Supreme Court collegium says no to widening consultations for HC appointments | india-news | Hindustan Times
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Supreme Court collegium says no to widening consultations for HC appointments

The Supreme Court collegium, head by CJI JS Khehar, has rejected the government proposal to widen the ‘zone of consultation’ while selecting candidates to appoint as HC judges.

india Updated: Mar 28, 2017 19:17 IST
PTI
The Supreme Court collegium, head by CJI JS Khehar, has rejected the government proposal to widen the ‘zone of consultation’ while selecting candidates to appoint as HC judges.
The Supreme Court collegium, head by CJI JS Khehar, has rejected the government proposal to widen the ‘zone of consultation’ while selecting candidates to appoint as HC judges.(PTI)

The Supreme Court collegium is learnt to have rejected a government proposal to widen the consultation process while selecting candidates to appoint as high court judges.

The clause on widening the “zone of consultation” was part of the memorandum of procedure the government had sent to the collegium last year.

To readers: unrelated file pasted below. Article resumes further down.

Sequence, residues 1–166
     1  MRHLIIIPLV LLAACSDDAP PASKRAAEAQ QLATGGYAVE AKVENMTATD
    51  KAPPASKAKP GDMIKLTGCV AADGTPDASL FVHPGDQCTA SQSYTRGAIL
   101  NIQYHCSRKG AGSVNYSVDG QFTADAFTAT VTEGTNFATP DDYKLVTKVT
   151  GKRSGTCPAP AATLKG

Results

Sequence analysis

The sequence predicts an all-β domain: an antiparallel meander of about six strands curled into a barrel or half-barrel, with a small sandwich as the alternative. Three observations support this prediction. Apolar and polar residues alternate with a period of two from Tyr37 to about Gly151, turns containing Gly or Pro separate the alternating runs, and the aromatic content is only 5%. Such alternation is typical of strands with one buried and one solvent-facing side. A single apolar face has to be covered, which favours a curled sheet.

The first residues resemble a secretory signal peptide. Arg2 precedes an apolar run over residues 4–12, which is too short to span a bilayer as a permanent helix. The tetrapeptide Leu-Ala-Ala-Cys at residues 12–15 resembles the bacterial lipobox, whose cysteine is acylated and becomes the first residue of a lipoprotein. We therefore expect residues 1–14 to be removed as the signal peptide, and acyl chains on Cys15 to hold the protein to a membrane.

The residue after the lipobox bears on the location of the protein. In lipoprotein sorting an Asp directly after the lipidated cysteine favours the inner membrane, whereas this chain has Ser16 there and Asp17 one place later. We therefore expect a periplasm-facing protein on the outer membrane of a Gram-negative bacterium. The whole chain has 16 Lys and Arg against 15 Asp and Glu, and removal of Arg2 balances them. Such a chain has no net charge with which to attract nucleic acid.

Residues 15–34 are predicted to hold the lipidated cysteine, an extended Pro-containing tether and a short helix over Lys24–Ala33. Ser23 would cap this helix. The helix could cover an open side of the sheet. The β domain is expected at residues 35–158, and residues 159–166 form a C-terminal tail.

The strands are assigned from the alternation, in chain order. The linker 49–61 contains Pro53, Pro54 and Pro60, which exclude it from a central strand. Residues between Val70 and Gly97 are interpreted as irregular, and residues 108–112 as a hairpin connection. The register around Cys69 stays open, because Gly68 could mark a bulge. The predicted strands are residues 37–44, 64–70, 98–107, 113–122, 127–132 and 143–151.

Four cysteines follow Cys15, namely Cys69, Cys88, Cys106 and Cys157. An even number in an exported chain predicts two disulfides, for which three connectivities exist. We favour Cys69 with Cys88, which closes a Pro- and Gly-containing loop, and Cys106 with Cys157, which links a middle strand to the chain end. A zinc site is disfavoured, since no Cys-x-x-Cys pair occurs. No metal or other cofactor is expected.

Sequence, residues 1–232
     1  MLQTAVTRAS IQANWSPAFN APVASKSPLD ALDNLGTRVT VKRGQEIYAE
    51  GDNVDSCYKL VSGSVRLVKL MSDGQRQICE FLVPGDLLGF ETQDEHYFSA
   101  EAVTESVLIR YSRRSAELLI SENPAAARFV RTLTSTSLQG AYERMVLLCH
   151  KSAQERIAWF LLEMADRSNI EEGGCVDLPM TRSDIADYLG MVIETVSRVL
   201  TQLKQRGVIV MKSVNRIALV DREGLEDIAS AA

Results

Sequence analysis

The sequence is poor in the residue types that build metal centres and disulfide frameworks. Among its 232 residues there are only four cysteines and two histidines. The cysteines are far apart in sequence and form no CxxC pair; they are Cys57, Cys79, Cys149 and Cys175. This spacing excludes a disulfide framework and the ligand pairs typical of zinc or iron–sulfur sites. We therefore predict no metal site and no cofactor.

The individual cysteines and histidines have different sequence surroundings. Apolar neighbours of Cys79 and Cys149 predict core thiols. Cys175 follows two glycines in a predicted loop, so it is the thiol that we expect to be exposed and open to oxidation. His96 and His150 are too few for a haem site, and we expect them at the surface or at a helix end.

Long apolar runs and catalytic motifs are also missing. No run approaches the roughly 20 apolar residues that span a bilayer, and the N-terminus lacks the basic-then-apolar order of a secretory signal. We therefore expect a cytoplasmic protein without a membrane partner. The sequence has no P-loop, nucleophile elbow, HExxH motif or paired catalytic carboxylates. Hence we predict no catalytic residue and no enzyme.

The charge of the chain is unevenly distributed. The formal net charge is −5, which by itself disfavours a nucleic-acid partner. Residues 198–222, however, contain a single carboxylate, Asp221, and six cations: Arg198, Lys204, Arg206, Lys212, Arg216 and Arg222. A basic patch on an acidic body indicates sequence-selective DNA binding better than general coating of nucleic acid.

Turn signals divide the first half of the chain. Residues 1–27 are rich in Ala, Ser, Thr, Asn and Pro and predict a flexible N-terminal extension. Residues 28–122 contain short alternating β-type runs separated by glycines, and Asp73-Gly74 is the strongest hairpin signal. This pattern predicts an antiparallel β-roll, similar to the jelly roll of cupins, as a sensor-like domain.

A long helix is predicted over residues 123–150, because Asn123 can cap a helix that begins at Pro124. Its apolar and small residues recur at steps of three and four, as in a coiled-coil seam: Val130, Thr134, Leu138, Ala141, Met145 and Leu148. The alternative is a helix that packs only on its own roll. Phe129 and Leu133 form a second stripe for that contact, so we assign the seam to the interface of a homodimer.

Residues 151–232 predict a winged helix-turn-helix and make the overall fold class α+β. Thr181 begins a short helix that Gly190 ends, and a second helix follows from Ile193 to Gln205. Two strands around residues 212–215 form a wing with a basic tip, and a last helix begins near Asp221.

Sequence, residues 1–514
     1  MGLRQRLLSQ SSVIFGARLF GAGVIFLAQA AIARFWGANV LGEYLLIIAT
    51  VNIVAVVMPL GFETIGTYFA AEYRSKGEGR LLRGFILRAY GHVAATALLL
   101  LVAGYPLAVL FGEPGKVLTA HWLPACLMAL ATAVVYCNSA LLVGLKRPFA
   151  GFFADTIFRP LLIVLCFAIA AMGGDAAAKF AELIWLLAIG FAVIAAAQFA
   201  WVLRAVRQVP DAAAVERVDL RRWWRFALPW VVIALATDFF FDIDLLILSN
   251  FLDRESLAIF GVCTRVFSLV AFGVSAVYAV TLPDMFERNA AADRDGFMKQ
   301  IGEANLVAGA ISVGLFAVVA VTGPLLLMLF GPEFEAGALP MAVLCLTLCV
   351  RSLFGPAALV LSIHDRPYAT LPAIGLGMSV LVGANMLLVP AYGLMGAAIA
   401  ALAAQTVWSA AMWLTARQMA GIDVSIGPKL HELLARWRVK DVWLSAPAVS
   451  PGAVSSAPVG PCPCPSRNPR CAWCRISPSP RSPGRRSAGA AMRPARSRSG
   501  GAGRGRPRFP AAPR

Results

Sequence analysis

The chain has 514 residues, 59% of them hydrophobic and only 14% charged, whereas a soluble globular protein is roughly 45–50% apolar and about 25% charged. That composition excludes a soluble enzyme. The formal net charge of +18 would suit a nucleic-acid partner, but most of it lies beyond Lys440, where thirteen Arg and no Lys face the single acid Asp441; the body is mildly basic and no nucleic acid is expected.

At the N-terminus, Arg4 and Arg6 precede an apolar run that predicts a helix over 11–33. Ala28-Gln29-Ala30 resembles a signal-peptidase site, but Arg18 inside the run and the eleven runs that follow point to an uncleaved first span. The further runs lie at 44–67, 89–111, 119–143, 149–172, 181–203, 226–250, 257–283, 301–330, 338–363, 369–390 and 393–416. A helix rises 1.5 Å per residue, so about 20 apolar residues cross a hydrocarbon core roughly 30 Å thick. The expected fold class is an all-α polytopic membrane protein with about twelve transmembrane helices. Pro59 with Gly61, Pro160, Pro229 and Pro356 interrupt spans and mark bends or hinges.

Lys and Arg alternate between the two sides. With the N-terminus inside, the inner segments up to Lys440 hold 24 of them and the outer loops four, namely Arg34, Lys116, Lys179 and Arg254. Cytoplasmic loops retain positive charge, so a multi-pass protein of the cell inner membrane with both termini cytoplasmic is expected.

But in its recent response, the collegium headed by Chief Justice of India JS Khehar has said no to the clause.

The government wanted the memorandum of procedure to state that sitting judges of the high court, senior lawyers and advocates general of the respective states will suggest names of candidate to the collegium for elevation to the Bench.

But the collegium was of the unanimous view that the authority of naming candidates should remain with the high court collegium and not go outside.

Since January last year, the government and the apex court are trying to finalise the Memorandum of Procedure -- a document to guide appointment of judges to the higher judiciary.

There are two memorandums of procedure -- one for the Supreme Court and the other for the 24 high courts.

While rejecting the National Judicial Appointments Commission Act, the SC had agreed to revise the memorandum of procedure to usher in more transparency in appointment of judges to the SC and HCs.

The new law had sought to overturn the over two-decade-old collegium system where judges appoint judges. It had sought a say for the executive in appointment of judges.

The national security clause and the secretariat clause are part of the draft MoP which has been shuttling between the government and the collegium since March 22, 2016.